Another retailer wipes out
Some look at the loss of Wet Seal as simply an example of the rise of online shopping and the demise of middle market shopping centers. Others cite the failure of the Southern California fashion world to keep up with competitors, starting with brands co-opting the allure of the SoCal lifestyle, like Hollister, and then less expensive fast fashion stores such as H&M, Zara and UNIQLO.
Others would say that surf industry giants like Quiksilver grew too quickly (losing a reported $1.3 billion buying Rossignol didn’t help matters) and became too busy trying to sell shirts and boardshorts to teens in Middle America. By trying to scale the surfing lifestyle and culture to the masses, they forgot to focus on their core. That audience includes Orange County kids who for decades chose the winners and losers in the industry by buying favorite brands at coastal surf shops, and not inland shopping malls or online.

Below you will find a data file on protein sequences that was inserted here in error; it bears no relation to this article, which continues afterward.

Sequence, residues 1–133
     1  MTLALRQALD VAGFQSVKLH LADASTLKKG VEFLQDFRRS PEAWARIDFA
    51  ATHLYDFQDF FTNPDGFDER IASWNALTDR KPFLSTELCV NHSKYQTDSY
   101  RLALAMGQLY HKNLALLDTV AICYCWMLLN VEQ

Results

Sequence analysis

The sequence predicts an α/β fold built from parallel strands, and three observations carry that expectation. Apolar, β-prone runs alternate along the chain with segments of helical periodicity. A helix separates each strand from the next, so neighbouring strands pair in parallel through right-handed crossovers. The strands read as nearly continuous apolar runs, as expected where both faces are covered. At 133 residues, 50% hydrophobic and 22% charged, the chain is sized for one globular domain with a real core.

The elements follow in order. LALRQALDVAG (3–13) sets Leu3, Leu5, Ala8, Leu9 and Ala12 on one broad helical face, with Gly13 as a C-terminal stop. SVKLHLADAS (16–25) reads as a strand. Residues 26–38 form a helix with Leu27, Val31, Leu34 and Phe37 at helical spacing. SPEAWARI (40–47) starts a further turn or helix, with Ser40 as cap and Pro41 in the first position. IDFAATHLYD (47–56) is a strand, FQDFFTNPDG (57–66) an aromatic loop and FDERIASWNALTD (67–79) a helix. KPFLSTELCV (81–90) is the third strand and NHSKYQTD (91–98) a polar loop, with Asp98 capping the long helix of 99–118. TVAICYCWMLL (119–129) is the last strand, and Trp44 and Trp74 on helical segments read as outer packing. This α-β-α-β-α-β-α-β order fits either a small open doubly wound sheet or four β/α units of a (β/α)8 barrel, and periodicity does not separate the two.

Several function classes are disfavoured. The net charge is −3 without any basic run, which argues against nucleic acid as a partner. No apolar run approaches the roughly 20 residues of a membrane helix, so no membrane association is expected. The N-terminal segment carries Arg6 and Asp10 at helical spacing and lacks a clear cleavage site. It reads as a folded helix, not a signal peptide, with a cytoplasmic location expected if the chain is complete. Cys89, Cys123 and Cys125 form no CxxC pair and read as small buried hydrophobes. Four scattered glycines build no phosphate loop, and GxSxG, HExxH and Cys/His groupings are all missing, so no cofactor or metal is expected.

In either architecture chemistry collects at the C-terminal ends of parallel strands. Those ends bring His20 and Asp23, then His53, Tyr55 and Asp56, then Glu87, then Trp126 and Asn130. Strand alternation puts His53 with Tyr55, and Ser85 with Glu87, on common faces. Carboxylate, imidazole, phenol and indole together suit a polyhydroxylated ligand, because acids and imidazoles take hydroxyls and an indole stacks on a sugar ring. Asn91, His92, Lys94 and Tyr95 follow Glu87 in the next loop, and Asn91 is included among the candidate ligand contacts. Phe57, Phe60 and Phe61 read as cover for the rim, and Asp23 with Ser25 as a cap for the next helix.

Most likely it’s some combination of all those factors, plus a nasty recession to push things along and changing tastes and trends that don’t favor heavily branded and logoed apparel.
Which is not to say we’re seeing the death of the Orange County surf industry. Many veterans of the industry have spun out of the creative incubator of the local fashion industry to create new and innovative brands not necessarily tied closely to the sport of surfing (see Kelly Slater’s Outerknown menswear line for an example).
There are Orange County and Irvine surf and youth apparel companies still alive and well, and doing innovative things.
Take Billabong USA. The Irvine-based surf brand just announced a collaboration with the Andy Warhol Foundation for the Visual Arts to produce a collection of “surf-inspired products for men and women, including boardshorts, swimwear, tops, tees and accessories” that will feature Warhol’s art (think graphics of flowers and palm trees rather than images of Marilyn Monroe or tomato soup cans) on Billabong designs. If the combination seems a bit offbeat, recall that in 1968 Warhol made an underground surf film in San Diego, and once said, “I came out of the womb on a surfboard.”
Other Irvine-based surf and youth-oriented fashion companies include LRG, Tilly’s (may we have another mural, please?) The La Jolla Group, Lost Enterprises and Obey Clothing, while others (Volcom, Hurley, etc.) occupy warehouse and other commercial space in the city.